I want to approach this topic differently. Africa needs to advance technlogically but it does not necessarilly have to go through the same stages as the advanced industrial world did. For example, Nigeria has 150 million smart phone users and only 200 000 fixed line phones. Instead of first having fixed lines then going digital , it It has leap-frogged into the digital age. Access to the internet is uneven in Africa and development has been uneven. Side by side with the introduction of advanced digital technology, there is also the use of pre-colonial tools such as the zamazama in the mining sector.
We need to look at the changing world of work from an African perspective. This article makes three points. Firstly, it outlines the nature of the labour market in Africa. Secondly, it suggests that workers are organising but not always into traditional trade unions. Finally, it suggests five ways in which COVID-19 has opened new opportunities for worker organizing.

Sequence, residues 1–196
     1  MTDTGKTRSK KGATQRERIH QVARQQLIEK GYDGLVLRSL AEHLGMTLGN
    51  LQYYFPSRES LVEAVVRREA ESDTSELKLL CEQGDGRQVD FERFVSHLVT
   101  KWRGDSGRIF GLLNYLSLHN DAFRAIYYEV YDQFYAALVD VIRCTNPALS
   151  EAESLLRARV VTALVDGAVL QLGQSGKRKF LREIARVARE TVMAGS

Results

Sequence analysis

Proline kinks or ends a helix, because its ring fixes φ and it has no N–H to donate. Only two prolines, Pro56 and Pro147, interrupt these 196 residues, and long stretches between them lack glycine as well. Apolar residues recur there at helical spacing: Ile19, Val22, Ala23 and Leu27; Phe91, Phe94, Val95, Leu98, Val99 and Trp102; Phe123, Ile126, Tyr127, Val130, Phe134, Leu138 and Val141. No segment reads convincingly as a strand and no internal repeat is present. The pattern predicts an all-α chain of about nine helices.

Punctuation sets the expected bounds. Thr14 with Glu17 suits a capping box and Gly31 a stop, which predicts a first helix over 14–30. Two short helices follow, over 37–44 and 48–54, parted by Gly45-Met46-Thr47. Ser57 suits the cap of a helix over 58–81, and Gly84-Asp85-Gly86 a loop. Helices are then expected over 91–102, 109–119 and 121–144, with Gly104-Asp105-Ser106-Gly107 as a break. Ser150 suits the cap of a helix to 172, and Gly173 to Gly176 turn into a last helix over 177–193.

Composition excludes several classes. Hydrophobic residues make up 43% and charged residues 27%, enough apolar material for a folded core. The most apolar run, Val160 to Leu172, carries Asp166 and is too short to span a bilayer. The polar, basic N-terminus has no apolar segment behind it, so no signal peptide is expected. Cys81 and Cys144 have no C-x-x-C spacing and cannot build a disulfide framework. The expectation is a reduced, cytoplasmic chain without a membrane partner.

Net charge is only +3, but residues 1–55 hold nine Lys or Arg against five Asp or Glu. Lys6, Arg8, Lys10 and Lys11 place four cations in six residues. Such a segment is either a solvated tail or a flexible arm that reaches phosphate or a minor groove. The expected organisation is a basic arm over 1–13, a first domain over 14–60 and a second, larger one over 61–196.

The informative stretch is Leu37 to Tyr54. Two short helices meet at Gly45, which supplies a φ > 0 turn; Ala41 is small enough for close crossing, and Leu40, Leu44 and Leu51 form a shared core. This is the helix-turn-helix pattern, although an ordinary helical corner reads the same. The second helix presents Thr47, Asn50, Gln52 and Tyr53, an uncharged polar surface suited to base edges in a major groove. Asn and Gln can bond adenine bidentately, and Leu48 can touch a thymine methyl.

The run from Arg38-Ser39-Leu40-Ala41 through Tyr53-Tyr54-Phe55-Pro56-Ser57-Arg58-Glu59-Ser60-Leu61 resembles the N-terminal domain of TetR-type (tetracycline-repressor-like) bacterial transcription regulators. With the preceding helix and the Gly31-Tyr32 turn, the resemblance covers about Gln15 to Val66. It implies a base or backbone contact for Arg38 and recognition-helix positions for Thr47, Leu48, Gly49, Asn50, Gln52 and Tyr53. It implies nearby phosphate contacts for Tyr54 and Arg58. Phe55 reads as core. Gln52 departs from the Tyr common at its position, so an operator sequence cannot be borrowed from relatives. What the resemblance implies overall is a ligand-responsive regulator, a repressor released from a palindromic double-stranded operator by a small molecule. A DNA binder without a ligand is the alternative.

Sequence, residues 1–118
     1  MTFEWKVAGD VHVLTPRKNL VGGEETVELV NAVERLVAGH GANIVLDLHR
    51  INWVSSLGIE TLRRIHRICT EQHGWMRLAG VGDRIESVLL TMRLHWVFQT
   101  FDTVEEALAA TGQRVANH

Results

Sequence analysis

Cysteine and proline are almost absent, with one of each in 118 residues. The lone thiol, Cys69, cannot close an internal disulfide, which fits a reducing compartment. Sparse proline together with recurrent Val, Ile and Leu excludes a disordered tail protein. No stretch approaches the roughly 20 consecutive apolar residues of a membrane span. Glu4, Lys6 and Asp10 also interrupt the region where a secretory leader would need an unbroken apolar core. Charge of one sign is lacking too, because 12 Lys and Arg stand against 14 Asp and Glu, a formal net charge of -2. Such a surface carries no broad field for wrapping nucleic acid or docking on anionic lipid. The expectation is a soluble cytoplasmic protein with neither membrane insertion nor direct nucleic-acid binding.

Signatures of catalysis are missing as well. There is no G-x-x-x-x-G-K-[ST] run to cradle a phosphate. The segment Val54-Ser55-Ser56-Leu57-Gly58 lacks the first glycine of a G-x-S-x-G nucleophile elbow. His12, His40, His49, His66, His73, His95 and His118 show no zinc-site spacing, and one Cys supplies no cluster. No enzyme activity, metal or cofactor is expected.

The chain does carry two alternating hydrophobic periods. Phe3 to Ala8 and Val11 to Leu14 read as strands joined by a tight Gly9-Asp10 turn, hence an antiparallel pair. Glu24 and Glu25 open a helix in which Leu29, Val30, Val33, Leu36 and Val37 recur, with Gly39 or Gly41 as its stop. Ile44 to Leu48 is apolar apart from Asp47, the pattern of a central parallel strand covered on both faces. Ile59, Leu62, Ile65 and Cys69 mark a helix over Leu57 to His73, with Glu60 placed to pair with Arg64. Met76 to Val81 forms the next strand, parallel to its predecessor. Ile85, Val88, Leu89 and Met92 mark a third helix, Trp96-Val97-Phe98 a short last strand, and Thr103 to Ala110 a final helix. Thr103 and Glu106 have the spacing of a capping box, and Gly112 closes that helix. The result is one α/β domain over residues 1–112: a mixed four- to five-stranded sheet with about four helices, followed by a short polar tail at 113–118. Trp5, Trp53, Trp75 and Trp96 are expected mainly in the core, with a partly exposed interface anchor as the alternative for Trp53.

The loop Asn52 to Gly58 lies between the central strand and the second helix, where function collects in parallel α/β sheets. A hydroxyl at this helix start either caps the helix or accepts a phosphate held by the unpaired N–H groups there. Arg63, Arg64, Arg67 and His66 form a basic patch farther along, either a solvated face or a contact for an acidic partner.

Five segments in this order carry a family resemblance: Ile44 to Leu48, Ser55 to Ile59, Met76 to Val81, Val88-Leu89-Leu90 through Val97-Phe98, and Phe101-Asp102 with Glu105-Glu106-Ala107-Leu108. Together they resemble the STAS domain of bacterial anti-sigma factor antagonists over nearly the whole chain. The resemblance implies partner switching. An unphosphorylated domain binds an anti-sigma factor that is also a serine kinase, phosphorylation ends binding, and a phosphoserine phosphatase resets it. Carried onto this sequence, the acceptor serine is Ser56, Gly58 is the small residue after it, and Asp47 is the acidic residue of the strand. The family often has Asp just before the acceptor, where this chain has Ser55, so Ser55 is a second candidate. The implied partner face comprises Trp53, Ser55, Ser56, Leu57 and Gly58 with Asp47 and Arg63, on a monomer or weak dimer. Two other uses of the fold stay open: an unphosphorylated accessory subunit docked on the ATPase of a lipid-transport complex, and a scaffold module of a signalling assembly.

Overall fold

The African Labour Market
In Africa the industrial working class is a minority of wage earners. The labour market is divided into ‘classes of labour’. In other words, there are men and women who sell their labour either directly on a wage labour market, or indirectly through a product market. In this way they support themselves and their families. Categories like worker, peasant, employed and self-employed merge. Working people earn a living through wage labour and make a living through various livelihood activities. They combine employment and unemployment. In shantytowns people are sometimes unemployed and sometimes work in wage labour in small workshops or doing service work.
It is possible to identify five urban ‘classes of labour’, as the diagram and explanation below show.